After remaining relatively consistent over the decades, the climate in Chennai – both temperature as well as rainfall – is likely to be erratic in the remaining decades of the century, with the maximum levels going up substantially, warned a future climate scenario that looked at the future till 2100.
Three years ago, Chennai recorded a rainfall – and flood – so heavy that it entered the pages of history. That year, the city witnessed seven heavy rainfall events – more than 60 mm rain on a single day. But if experts are to be believed, this is likely to be more common in the coming decades, making it imperative on the authorities to make action and response plans.
According to the monthly data that the Meteorological Department develops jointly with the Indian Institute of Tropical Meteorology, Pune, the mean annual rainfall for Tamil Nadu is 928 mm (based on data from 1871 to 2016). The worst was in 1952 (only 627 mm) and the maximum was in 2005 (1,272 mm).
When analysed, the data from 1951 to 2014 showed that the temperature in the city went up by 1.7 degrees Celsius of temperature, an annual increase of 0.03-degree Celsius. “It is also found that the mean annual and summer temperatures are rapidly increasing,” says Lakshmi Kumar TV, assistant professor (research), Department of Physics Atmospheric Science Research Laboratory, SRM Institute of Science and Technology.
Lakshmi Kumar had recently participated in an international conference organised by National Oceanic and Atmospheric Administration (NOAA), US department, The Energy and Resources Institute (TERI) and Indian Meteorological Society. Using the data shared by the experts in the event, Lakshmi Kumar prepared the future climate scenario of Chennai till 2100.
The information includes annual cycle of average and maximum temperatures for different periods, maximum temperature of the hottest days between 2018 to 2100, yearly rainfall cycle in different periods and the number of heavy rainfall events from 2018 to 2100.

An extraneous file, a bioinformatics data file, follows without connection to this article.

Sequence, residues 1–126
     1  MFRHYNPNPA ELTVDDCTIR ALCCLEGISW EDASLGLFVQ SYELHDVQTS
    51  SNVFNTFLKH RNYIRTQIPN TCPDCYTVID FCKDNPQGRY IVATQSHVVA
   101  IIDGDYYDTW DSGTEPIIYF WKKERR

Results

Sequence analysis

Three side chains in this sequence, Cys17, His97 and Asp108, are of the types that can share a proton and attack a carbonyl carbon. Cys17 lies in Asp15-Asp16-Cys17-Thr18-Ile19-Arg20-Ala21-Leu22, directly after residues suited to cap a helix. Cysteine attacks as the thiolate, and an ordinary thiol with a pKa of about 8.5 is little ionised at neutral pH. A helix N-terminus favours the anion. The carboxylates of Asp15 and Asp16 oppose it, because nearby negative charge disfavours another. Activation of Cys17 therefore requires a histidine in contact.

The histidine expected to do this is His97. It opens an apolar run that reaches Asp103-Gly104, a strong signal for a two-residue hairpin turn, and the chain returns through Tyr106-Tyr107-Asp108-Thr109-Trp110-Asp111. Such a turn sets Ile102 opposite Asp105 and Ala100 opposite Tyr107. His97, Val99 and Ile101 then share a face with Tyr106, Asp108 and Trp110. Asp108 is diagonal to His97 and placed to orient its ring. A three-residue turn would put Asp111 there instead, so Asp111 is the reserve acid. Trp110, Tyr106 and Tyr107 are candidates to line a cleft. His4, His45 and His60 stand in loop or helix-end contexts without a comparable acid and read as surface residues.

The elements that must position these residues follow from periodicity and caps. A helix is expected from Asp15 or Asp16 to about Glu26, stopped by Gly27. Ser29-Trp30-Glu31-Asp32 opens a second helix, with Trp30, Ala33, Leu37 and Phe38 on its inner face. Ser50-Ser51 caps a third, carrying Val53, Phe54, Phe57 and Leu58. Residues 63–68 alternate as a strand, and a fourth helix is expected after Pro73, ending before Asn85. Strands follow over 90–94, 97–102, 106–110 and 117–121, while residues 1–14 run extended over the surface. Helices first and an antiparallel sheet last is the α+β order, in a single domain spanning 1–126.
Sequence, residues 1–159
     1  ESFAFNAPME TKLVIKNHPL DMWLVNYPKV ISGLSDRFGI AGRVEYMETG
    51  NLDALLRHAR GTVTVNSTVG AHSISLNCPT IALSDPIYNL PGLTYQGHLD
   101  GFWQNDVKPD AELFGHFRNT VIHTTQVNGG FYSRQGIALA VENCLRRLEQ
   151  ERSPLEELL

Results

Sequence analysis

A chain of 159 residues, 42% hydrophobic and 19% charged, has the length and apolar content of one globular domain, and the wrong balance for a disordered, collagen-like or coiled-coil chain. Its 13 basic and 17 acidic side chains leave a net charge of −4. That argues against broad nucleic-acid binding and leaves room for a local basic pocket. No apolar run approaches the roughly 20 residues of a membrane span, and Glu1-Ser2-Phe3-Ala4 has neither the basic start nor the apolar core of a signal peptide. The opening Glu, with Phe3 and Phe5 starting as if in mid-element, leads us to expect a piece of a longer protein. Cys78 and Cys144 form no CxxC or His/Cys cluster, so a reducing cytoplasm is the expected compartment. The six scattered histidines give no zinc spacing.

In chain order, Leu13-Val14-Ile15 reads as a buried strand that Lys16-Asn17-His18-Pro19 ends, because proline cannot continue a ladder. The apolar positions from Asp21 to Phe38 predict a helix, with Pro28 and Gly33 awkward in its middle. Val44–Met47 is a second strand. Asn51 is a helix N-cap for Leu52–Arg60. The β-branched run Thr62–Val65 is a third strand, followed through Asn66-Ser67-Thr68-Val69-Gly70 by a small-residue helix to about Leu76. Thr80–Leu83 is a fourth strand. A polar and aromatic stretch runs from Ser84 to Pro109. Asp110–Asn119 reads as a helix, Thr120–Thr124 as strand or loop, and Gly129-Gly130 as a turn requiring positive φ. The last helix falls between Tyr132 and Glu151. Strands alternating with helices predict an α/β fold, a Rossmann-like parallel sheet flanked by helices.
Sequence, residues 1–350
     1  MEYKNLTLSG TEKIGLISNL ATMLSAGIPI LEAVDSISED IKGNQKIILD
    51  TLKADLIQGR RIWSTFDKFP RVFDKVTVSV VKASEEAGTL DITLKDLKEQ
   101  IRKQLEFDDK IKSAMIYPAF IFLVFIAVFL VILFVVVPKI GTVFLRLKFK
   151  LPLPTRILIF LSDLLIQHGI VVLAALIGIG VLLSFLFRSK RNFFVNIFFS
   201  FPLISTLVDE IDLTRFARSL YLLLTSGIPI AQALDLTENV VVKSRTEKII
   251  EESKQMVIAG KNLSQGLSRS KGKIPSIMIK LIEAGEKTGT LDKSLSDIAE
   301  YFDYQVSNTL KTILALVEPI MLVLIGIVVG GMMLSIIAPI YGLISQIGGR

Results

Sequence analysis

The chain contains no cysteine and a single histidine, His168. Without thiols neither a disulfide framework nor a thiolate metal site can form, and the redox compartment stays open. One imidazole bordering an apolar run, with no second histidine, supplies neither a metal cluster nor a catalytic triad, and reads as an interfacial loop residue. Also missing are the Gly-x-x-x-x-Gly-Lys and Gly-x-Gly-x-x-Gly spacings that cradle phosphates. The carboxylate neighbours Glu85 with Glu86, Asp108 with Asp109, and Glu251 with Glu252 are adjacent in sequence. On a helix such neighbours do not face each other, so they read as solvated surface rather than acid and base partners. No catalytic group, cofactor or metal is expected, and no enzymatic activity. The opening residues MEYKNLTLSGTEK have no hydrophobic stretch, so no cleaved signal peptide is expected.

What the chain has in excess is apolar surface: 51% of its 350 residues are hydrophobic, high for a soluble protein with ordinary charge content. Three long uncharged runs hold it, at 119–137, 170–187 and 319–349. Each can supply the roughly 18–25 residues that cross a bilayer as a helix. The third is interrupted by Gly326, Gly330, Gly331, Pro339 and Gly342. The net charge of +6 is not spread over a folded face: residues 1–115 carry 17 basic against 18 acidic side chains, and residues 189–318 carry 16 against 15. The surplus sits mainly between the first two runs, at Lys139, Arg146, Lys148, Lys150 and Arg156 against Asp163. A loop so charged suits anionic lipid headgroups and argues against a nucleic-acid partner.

According to him, the average annual rainfall over Chennai, which was around 1,400 mm during the period 1980 to 2009, is expected to increase in the coming years.
The annual rainfall in the period from 2010 to 2,039 is estimated to be 2,246 mm. This is expected to climb to 2,417 mm in the period between 2040 and 2079, and then to 3,606 mm during the 2080 to 2100 period.
In the 15 years from 2001 to 2015, heavy rainfall events were recorded as many as 45 times. But this is likely to double in the coming decade (2018-2028), he said. This increase, Lakshmi Kumar said, would be recorded mainly in June, October and November – the last two falling within the primary rainy season for the state.
From the record seven heavy rainfall events that led to the devastating floods in 2015, the city might witness even 20 such events a year, warned the data he prepared.
A similar trend is seen even in the case of temperature, said the research paper. The maximum temperature is feared to increase substantially – possibly touching even 5 degrees Celsius above the present record by 2100. The number of summer days will also be extended, with temperatures remaining high even in June, a month after the present peak summer period.
Just like rainfall, the maximum temperatures are also likely to increase in the future. The average maximum temperatures could go up by 4 degrees Celsius between 2010 and 2039, touching 4 degrees Celsius (2040 – 2079) and 6 degrees Celsius (2079 to 2100).
Thus, the average day time temperature in May and June could reach 43 degrees Celsius as per this calculation. Maximum temperature may hover around 47 degrees Celsius in the next decade and half, and cross even that mark by the second half of the present century.
An analysis by the Regional Meteorological Office (RMC), Chennai, of the weather data from March, April, May and June showed an increase of 1.8 degree Celsius in the mean temperature in March – the average temperature that was 32.2 degree Celsius in March 1906 has risen to 34 degrees Celsius now.
Also, in the past century, mean temperature in April has risen from 34.1 degree Celsius to 35.6 degrees Celsius. But mean temperatures in May and June remained constant at 36-37 degrees Celsius.
“There will be periodical change in solar radiation that may bring clouds and raise temperature,” said retired deputy director general of Regional Meteorological Centre Y E A Raj, pointing out how many international studies have indicated about the climate change that is in store. Another former Deputy Director General of Meteorology, Chennai, R V Sharma, added that studies had projected sea-level rise of up to 0.8 meters by 2100.